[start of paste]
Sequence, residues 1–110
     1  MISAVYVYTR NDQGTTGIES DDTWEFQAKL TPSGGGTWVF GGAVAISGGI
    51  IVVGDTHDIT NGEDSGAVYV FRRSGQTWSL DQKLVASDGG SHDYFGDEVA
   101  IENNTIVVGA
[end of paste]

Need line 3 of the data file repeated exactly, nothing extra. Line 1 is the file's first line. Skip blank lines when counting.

    51  IVVGDTHDIT NGEDSGAVYV FRRSGQTWSL DQKLVASDGG SHDYFGDEVA